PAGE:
Another concern is datamining. This is the systematic collection of hand histories, enough of which can be used to profile opponents using specially designed software. Two or more players may agree to share their individual hand histories amongst themselves; alternatively some websites offer large quantities of previously-played hands (even millions) for a fee. Using software to analyze one's own histories is generally accepted, however acquiring histories of hands in which a player did not participate violates the rules of most cardrooms.
Poker software, like all software, cannot be assumed to be reliable. It is always possible that a person is exploiting the software to win money from victims. The software may even contain a backdoor which allows a person, perhaps an employee, to view cards. Absolute Poker was engaged in such a scandal along with site consultant and notable poker player Russ Hamilton. As of 2007, Ultimate Bet faces a lawsuit with allegations of employees exploiting the software. The user agreement of the two online poker sites owned by Tokwiro Enterprises, Absolute Poker and UltimateBet, state they reserve the right to cancel an account if a player plays "in a professional sense" (and not for personal entertainment only). However, this is not a standard prohibition. For example, it is not in the end-user agreements of the three largest online cardrooms: PokerStars, PartyPoker, and Full Tilt Poker.
Angle shooting is engaging in actions that may technically be within the scope of the rules of the game, but that are considered unethical or unfair to exploit or take advantage of another player. For example, an angle shooter might motion as if they were folding their hand to induce other players to fold theirs out of turn.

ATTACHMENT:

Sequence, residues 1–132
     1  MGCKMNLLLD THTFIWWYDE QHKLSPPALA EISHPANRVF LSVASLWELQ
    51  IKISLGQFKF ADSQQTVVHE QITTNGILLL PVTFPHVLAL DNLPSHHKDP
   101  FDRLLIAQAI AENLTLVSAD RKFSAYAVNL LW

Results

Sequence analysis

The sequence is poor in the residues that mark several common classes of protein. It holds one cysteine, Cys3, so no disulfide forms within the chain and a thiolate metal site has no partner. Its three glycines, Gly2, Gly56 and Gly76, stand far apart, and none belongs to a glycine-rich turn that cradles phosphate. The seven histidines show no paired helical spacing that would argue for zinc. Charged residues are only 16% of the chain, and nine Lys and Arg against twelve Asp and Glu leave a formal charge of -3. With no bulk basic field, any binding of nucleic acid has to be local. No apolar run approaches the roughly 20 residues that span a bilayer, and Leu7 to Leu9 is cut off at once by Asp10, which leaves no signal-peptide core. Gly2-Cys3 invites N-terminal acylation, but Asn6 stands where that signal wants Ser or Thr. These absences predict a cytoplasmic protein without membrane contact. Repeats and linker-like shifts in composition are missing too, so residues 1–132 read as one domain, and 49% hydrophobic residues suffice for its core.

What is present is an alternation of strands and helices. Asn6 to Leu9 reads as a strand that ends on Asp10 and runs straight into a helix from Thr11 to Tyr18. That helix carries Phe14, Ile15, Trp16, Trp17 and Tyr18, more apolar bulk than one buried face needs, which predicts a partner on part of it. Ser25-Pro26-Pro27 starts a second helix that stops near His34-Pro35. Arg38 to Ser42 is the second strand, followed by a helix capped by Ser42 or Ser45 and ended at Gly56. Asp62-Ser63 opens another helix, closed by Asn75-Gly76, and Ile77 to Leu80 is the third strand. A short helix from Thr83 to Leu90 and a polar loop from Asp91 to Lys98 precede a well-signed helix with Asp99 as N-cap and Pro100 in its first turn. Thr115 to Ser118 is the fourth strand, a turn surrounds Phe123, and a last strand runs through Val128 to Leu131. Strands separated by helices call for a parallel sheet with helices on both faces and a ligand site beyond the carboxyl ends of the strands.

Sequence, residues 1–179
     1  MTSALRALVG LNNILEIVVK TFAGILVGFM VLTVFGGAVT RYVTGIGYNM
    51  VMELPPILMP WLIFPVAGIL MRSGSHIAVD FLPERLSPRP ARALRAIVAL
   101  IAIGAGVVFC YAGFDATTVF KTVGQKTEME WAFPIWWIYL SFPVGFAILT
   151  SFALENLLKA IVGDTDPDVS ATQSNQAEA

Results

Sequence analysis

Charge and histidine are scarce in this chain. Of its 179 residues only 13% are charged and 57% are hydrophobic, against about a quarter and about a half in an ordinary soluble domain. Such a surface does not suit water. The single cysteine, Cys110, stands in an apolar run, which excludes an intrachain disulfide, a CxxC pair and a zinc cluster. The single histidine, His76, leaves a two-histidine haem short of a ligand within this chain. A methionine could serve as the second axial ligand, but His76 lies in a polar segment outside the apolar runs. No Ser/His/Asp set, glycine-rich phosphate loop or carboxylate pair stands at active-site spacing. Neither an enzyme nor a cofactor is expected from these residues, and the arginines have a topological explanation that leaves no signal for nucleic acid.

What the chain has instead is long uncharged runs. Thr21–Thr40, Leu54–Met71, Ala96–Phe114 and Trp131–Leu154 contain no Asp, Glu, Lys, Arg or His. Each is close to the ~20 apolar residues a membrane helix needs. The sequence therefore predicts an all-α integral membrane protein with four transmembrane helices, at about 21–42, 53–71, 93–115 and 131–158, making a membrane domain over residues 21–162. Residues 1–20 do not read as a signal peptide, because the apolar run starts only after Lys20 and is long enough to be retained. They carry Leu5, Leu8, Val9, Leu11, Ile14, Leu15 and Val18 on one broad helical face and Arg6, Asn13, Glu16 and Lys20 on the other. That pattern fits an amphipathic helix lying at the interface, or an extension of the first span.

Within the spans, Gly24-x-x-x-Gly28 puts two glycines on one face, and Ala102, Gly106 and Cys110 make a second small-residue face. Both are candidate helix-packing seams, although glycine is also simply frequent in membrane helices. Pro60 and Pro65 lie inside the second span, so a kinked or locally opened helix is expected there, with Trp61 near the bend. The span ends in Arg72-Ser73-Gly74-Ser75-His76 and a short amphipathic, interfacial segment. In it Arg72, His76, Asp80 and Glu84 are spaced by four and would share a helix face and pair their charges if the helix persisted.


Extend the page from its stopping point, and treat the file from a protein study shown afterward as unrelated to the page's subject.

One form of angle shooting which is exclusive to online poker is to abuse the disconnect protection (DP) rules most sites have in place. DP is a rule exclusive to online poker whereby if a player is disconnected from the site in the middle of the hand their hand is played out as if they were all-in without the player actually having to put any more money in the pot. The online poker rooms that offer DP usually have specific tables set aside for this so that all players at the table are aware that the special DP rules will apply.
How this is used by angle shooters is if a player is in a hand that they are unsure if they have the best cards and don't want to invest any more money to find out. They can unplug their internet connection and then wait for the hand to play itself out. On a DP table the remaining cards in the hand would be dealt and the pot would be awarded to the player with the best cards. If there were multiple opponents in the hand then they would be eligible for a side pot.
Famous poker cheats
- Soapy Smith (1860-1898)
Cheating in poker in popular culture
- T. Hayes, "Collusion Strategy and Analysis for Texas Hold'em", 2017
- Is "checking it down" in a tournament implicit collusion? Archived May 10, 2006, at the Wayback Machine
- PokerStars.com: End User License Agreement
- PartyPoker.com: PartyGaming’s Unfair Advantage Policy Archived 2007-10-16 at the Wayback Machine
- Online poker cheating blamed on employee, by Mike Brunker, at NBC News; published October 19, 2007; retrieved November 25, 2018
- AbsolutePoker: End-User License Agreement Archived October 18, 2007, at the Wayback Machine
- Ultimatebet.com: End User License Agreement Archived October 11, 2007, at the Wayback Machine
- Bill Rini: The Definitive Guide to Online Poker Cheating